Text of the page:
The atmosphere is a 3-dimensional entity. Changes in the weather patterns at the surface and higher up in the atmosphere are intimately related. As such, in the formulation of forecasting strategies, surface and upper-air weather charts must be taken as a whole if the evolutionary weather patterns are to be properly understood. The computer model forecast weather maps (hereafter "weather maps" for short) produced by the Hong Kong Observatory cover East Asia and the western Pacific, and through the depth of the troposphere from surface to 12,000 m aloft. The horizontal resolution is 10 km. Provision of such weather maps will enable the public to gain more insight into the driving mechanisms behind the weather affecting Hong Kong and its neighbouring regions in the next two to three days. It will also provide special users, such as air transport industry and aviation enthusiasts, with a complete set of prognostic information for reference. For better understanding by the users, the following paragraphs will explain some of the important and perhaps unfamiliar meteorological terms.
Classification of Weather Maps
Weather maps can be classified basically into two types, namely "surface" and "upper-air". The term "surface" generally refers to the surface of the earth, implying that different points on a surface map, e.g. a point over the ocean or a point on a mountain ridge, may represent drastically different altitudes. Therefore, users have to bear in mind the representative altitudes when interpreting such maps. At different altitudes, surface pressure is referenced commonly with respect to the mean sea level for easy comparison of various weather systems.
For "upper-air", weather maps are usually drawn for isobaric (i.e. equal pressure) surfaces following the practice of conventional upper-air observations and analysis. Air density and atmospheric pressure generally decrease as altitude increases. As such, pressure scale could be taken to represent altitude. The following table lists four common isobaric surfaces and their corresponding altitudes:
Streamline charts are usually drawn for upper air to display the spatial distribution of flow directions at a particular instance of time. As indicated by an arrow head, the flow direction at any point along a streamline is parallel to the wind direction at that point. The following diagrams illustrate typical flow patterns of two common circulation systems in the northern hemisphere: (left) in-flowing streamlines with anti-clockwise rotation, known as cyclone; (right) out-flowing streamlines with clockwise rotation, called anti-cyclone (and vice versa for southern hemisphere) .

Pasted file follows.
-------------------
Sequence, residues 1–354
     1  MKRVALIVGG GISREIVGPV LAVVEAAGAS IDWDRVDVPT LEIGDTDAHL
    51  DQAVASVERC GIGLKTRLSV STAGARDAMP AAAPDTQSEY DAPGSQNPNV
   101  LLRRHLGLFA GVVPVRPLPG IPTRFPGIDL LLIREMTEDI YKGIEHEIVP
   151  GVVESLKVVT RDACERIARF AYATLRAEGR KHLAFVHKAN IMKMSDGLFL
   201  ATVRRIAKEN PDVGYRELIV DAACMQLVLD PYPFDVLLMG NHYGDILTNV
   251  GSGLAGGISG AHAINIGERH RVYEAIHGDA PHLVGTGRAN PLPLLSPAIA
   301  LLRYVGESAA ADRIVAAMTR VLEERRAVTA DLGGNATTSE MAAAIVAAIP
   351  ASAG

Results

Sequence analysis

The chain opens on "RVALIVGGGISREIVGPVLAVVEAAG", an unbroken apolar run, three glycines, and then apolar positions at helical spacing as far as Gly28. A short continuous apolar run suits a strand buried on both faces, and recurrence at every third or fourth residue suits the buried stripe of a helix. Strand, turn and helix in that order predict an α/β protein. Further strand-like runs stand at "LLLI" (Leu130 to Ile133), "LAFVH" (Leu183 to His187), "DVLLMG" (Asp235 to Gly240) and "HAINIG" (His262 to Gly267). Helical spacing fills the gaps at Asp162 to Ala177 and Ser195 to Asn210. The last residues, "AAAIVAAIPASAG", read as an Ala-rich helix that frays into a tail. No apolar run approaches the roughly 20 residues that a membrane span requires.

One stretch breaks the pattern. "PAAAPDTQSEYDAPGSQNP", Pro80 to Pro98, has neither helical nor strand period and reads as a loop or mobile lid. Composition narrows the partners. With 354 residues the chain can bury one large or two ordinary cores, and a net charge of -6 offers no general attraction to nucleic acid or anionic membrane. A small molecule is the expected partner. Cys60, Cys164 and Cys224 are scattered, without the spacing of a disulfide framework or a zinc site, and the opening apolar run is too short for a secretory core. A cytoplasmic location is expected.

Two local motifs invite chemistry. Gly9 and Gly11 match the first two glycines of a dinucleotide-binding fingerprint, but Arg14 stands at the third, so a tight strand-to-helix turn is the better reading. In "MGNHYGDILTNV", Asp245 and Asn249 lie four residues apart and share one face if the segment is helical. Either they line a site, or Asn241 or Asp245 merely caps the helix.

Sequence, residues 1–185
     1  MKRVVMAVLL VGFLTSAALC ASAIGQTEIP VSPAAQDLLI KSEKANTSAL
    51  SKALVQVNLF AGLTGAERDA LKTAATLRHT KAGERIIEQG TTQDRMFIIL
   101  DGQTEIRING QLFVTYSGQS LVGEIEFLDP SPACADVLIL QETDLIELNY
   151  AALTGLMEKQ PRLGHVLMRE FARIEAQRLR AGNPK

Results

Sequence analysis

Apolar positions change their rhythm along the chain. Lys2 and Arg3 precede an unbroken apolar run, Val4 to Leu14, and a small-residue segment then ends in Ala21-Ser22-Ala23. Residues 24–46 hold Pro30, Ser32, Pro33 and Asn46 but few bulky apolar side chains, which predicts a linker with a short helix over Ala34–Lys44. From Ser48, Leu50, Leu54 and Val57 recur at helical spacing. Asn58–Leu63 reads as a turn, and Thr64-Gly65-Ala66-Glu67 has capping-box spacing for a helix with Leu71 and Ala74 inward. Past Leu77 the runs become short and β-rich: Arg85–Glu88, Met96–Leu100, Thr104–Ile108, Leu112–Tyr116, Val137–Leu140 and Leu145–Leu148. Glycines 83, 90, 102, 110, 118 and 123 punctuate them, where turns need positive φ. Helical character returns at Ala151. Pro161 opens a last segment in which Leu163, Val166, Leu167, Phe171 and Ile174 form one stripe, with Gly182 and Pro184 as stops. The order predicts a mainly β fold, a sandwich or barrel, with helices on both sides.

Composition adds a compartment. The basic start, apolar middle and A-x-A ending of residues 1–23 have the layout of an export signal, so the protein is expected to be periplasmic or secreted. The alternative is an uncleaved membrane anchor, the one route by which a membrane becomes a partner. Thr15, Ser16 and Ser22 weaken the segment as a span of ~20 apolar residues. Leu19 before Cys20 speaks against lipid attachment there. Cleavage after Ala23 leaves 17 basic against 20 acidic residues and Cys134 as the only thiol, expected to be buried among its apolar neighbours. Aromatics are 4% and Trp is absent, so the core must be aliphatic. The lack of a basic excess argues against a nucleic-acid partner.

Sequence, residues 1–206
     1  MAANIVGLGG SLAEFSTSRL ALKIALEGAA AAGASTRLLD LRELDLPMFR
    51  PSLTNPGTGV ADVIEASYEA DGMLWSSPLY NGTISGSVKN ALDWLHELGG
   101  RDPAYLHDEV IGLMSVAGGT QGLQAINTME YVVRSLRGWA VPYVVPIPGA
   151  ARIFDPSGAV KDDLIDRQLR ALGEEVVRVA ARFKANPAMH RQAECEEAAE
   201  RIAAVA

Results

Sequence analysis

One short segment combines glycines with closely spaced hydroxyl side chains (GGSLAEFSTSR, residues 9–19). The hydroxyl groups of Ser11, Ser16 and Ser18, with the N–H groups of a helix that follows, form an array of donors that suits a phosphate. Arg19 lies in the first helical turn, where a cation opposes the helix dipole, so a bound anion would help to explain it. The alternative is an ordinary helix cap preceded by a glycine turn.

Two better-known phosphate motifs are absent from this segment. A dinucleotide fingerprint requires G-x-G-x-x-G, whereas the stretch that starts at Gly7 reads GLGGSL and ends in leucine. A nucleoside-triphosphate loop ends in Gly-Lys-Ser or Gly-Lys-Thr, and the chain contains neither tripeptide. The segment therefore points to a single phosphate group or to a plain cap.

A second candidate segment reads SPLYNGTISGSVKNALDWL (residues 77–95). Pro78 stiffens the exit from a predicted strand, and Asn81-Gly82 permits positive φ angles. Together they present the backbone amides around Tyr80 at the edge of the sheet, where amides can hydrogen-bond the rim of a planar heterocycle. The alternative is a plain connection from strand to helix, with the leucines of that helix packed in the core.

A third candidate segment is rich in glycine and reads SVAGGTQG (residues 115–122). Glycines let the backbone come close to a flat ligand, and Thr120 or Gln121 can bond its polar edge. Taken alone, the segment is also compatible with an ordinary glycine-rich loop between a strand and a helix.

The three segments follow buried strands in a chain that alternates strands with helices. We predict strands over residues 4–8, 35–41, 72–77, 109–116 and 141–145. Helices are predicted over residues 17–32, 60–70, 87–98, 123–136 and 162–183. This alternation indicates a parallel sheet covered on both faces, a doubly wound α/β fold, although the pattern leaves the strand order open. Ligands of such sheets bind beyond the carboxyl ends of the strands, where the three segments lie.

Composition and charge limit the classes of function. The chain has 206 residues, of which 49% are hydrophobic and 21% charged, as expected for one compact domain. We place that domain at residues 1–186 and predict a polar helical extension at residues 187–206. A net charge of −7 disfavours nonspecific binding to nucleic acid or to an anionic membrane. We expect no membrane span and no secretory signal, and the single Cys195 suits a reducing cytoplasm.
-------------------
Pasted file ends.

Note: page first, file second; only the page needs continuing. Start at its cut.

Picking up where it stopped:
Cyclones and anti-cyclones in the upper air are often associated with low and high pressure areas on the surface. Low-level cyclones usually imply horizontally confluent flow and vertically rising air resulting in inclement weather. Low-level anti-cyclones bring in fine and stable weather due to horizontally diffluent flow and vertically sinking air.
Vorticity is a physical quantity measuring the rotational sense and speed of a fluid flow. The vorticities of cyclonic and anticyclonic circulations take on positive and negative values respectively. The more positive the vorticity, the stronger the cyclonic flow is. On a 850-hPa vorticity map, overlaid with streamlines, regions of strong positive vorticity are highlighted with colours to demarcate higher chance of unsettled weather.
Upper-air relative humidity maps reflect the spatial distribution of moisture content in the atmosphere. Since moisture is a pre-requisite for cloud formation, it is more likely to find clouds at places where relative humidity is high. Under favourable meteorological conditions, precipitation may also occur. From a relative humidity map at 700 hPa, one could estimate the depth and distribution of clouds in the mid to lower atmosphere.
Geopotential, or gravitational potential relative to mean sea level, is the energy an air parcel may potentially acquire by virtue of its position in the gravitational field of the earth. In the atmosphere, geopotential varies with altitudes and across latitudes. On an isobaric surface, higher geopotential implies higher potential energy and vice versa. Just like streams flow according to the layout of terrain, air will flow from high to low geopotential regions. Usually, areas of relatively high or low geopotential correspond with areas of high pressure or low pressure respectively. For the sake of atmospheric analysis, geopotential is commonly converted (namely, divided by the standard acceleration due to gravity) to geopotential height and expressed in units of geopotential metre. To a good approximation, geopotential height of, say, an isobaric surface is equal to the altitude of the surface. From 500-hPa geopotential height maps, one can depict important weather systems on the large scale, e.g. subtropical ridge or long-wave troughs in the westerlies. These large scale systems not only dictate how cold or warm air intrusion proceeds, but also steer the movements of tropical cyclones and other upper-air disturbances.
Jet stream is an elongated belt of high speed air, typically found in upper tropospheric westerly flow round the globe. A jet stream may stretch over tens of thousands of kilometres in length from west to east and a few hundred kilometres in width from north to south. In contrast, its depth is only a few kilometres. Within the core of a jet streak, flow speed may reach 200 to 300 km per hour with possibility of multiple maxima. Consequently, strong wind shears exist on the periphery of a jet stream, both vertically and horizontally. In long-haul air travel, pilots may actually choose to ride the jet streak to save fuel and reduce flight time. On a 200-hPa map, regions with wind speed exceeding 150 km per hour are highlighted with colours to mark the location of jet stream.